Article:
In 1989, the first Recovery Month was recognized – then called Treatment Works! Month. In 1989, 5,035 people in the United States lost their lives to unintentional drug overdose. Nearly 30 years ago, it become evident that people needed to be informed about the tools available to help them reclaim their lives from the grips of addiction. And now, in 2017, it has never been more apparent just how far we still have to go: overdoses claimed the lives of 72,306 Americans last year. National Recovery Month has never been more relevant and efforts to make our communities healthier have never been more important.

Our state has been disproportionately impacted by this crisis, but Ohioans are tough, and they are rising to the challenge. Nowhere is that more evident than in Nelsonville, Ohio. Earlier this year, the Ohio Department of Rehabilitation and Corrections announced the closure of the Hocking Correctional Facility. During a recent tour of the facility, I was immensely impressed, once again, by the way Nelsonville and the surrounding communities rallied together, and created a solution that is not just a trade-in, but a trade-up.

In February, I was glad to bring together community leaders and local stakeholders to facilitate a conversation that was focused on the future and what this facility could mean for Southeast Ohio. In just six short months, nineteen local entities have truly risen to the challenge and created a plan that will not only mitigate the job-losses and economic side effects caused by the closure, but will fill a crucial need of the community: a wrap-around treatment center for those struggling for recovery.

The Appalachian Recovery Center Project will be a comprehensive center that tackles several issues affecting individuals battling addiction and, simultaneously, the region at large: the need for facilities to jail female misdemeanants and low-level felons, community diversion programs, mental health treatment, residential in-patient and non-intensive out-patient drug treatment, job training and education, and transitional housing services.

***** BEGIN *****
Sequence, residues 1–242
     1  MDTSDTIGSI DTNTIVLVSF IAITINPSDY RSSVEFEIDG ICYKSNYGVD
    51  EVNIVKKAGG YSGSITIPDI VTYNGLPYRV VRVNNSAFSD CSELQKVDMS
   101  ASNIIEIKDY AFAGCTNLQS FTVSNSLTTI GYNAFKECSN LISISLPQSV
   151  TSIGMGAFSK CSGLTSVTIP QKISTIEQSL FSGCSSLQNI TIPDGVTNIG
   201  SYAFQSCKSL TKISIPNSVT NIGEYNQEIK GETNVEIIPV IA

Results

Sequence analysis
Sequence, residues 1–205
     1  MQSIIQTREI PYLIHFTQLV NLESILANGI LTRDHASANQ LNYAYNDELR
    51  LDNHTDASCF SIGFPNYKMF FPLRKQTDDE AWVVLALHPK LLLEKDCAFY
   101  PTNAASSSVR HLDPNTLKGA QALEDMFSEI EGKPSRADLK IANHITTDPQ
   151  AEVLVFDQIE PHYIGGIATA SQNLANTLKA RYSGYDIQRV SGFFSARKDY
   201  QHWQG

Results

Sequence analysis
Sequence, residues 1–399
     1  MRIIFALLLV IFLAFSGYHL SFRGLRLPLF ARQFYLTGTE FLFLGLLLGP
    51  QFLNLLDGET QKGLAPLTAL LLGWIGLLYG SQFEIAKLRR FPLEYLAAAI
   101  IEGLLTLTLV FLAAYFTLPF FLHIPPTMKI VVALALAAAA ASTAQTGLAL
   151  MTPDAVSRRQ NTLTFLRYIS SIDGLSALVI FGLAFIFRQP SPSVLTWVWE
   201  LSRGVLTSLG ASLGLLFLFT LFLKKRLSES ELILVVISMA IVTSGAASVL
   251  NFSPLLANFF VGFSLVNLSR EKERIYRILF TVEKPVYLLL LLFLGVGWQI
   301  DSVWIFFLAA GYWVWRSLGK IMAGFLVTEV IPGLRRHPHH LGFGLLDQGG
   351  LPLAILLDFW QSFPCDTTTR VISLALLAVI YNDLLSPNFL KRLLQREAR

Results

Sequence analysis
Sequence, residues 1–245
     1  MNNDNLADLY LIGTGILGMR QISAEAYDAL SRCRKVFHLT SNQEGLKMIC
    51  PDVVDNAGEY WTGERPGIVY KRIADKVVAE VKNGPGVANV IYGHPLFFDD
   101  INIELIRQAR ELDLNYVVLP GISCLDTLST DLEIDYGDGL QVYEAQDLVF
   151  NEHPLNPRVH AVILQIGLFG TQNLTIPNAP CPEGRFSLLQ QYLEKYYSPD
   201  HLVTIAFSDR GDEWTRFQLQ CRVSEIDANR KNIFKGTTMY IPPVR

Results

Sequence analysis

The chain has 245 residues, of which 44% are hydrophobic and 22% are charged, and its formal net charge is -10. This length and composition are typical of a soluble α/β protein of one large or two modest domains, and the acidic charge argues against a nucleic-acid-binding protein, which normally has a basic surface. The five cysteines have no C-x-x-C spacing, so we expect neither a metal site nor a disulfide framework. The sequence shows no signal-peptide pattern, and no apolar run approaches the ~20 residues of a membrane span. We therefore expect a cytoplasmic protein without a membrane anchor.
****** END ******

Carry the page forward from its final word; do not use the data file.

Perhaps what is most impressive about the Project is the expansive collaboration that is making it possible. Organizations like Hopewell Health Centers, Substance Abuse Treatment and Recovery (STAR) Program, AHV 317 Board, Ohio Health, Treatment Alternatives to Street Crime (TASC) of Southeast Ohio, Ohio Health, and the Foundation for Appalachia are joining forces with Hocking College and Ohio University, as well as local services from Hocking, Athens, and Vinton County. Under the guidance of Hocking County Municipal Court Judge Fred Moses, each organization brings a new thread of perspective and expertise to the recovery process. Combined, this will create a blanket of services that can wrap around individuals and give them the best chance to reclaim their lives.

Beginning National Recovery Month with a tour of the former Correctional Facility and the future home of the Project was inspiring. It is abundantly clear that there is no one solution to this crisis, but when communities are able to unite and collaborate, they can help their neighbors through recovery. The Project has the potential to revolutionize the way we approach recovery not just for Appalachia, not just for Ohio, but for our entire nation. I am proud to serve as a resource for the courageous and committed community activists who are rising to the challenge.

If you would like to learn more about the Appalachian Recovery Center Project, please call my Washington, D.C. office at (202) 225-2015, my Hilliard office at (614) 771-4968, my Lancaster office at (740) 654-26545, or my Wilmington office at (937) 283-7049.

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